Several lawyers involved in the case said the plan would most likely appeal to patients who did not have any complications after the device’s removal, a group presumed to comprise the vast bulk of claimants.
One such patient, Paula Laverty of Cape Elizabeth, Me., said the basic payout seemed to be reasonable. “I have been fortunate in my recovery,” Ms. Laverty wrote in an email.
That has not been the case for other patients like Ms. Laney. The operation to replace her A.S.R. set off a series of procedures that have left her disabled, unemployed and struggling to walk with a cane, she said. In the process, she lost her health insurance.
“I am in pain 24 hours a day,” said Ms. Laney. “My main concern is my health.
Lawyers say that the $475 million pool in the settlement will be used to supplement the basic payouts to patients like Ms. Laney. Along with patients who had to have repeated operations, extra payments will also be available to patients who developed infections, experienced joint dislocation or had other problems related to a procedure like a heart attack or a blot clot.
The size of such payments will be determined by how many patients qualify for special funds, a group that plaintiffs’ lawyers estimate at 10 percent of claimants. Also, the estimated value of the settlement — $2 billion for basic payouts and $475 million for the special fund — is predicated on 8,000 patients taking the deal.
The size of both pools is prorated based on patient participation. For example, the values will fall by 12.5 percent if 7,000 patients take part in the settlement and rise by 12.5 percent if 9,000 patients do.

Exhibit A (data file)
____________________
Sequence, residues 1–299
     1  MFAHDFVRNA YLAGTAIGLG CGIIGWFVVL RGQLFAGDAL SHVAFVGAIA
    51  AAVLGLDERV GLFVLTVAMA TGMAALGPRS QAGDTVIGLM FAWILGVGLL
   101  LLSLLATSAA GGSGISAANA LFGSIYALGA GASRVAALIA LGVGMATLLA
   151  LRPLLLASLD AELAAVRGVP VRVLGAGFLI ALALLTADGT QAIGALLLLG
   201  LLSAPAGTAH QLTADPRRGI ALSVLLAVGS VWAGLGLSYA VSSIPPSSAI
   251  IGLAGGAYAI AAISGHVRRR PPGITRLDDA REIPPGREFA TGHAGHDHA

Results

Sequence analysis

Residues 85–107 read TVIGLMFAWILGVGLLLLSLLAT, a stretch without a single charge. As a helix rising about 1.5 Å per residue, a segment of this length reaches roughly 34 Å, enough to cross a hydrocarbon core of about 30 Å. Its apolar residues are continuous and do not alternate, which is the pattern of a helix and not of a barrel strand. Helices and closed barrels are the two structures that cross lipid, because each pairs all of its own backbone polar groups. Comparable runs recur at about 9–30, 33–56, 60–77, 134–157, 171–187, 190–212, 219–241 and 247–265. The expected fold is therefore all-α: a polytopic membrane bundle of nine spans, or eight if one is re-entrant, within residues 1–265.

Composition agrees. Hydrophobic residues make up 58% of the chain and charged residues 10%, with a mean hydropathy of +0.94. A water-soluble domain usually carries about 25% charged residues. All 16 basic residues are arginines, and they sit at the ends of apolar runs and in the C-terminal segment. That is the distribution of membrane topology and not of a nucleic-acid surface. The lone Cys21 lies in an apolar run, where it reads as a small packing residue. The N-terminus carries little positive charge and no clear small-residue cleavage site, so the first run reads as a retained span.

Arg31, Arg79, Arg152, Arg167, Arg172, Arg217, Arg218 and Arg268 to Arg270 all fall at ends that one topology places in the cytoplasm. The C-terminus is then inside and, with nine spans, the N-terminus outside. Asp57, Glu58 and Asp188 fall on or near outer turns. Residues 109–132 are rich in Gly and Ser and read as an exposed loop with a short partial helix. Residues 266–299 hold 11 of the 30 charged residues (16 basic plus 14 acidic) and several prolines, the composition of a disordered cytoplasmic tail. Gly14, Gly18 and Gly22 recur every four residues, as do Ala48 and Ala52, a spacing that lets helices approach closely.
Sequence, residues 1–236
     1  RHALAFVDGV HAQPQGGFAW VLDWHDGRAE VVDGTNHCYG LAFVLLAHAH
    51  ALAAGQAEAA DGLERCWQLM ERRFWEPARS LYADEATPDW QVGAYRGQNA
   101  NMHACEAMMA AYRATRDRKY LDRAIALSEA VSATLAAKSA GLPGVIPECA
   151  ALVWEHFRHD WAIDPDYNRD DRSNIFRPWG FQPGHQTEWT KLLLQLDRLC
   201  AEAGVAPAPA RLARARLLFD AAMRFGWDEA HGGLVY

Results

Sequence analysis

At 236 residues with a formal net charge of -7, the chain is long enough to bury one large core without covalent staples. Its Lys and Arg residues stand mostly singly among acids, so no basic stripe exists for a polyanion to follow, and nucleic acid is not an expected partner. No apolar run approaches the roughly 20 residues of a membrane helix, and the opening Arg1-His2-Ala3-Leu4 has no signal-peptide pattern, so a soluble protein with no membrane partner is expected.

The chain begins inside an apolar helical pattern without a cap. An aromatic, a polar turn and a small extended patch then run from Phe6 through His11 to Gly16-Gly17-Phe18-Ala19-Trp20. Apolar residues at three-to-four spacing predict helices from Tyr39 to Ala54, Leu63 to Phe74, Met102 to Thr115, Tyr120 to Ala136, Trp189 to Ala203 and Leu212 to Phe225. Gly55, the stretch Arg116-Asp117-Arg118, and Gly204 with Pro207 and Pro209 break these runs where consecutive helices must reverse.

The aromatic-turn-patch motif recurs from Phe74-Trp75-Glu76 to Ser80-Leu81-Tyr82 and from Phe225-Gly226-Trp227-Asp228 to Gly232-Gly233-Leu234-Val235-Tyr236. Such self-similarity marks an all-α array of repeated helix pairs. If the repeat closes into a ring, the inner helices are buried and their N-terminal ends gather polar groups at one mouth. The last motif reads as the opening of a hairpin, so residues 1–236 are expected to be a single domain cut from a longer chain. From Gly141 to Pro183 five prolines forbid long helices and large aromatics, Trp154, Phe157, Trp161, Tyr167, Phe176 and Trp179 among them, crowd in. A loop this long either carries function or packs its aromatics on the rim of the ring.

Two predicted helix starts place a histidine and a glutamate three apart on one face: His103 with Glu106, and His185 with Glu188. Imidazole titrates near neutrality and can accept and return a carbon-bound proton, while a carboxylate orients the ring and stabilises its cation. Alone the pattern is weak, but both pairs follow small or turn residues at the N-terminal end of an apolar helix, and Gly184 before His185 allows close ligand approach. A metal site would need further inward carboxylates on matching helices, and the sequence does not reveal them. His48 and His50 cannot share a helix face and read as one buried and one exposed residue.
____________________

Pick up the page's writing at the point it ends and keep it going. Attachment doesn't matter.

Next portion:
Roughly 4,000 A.S.R. patients who have filed claims against Johnson & Johnson but have yet to have a replacement procedure will not qualify for the plan.
Johnson & Johnson can walk away from the settlement if fewer than 94 percent of eligible plaintiffs participate.
Patients like Ms. Laney who are unhappy with the plan may have few alternatives. They are unlikely to see a courtroom for years, if ever, and there are no guarantees that Johnson & Johnson will settle their claims for more money, lawyers said.
Ms. Relkin said she anticipated that 96 percent to 99 percent of the several hundred claimants her firm represents would participate in the settlement. However, another lawyer, who spoke on the condition of anonymity, said that he planned to recommend that clients who had potentially high-value claims stay out of the settlement and take their chances, either in court or in separate deals with Johnson & Johnson.
“I think that is about 10 percent of my clients,” that lawyer said.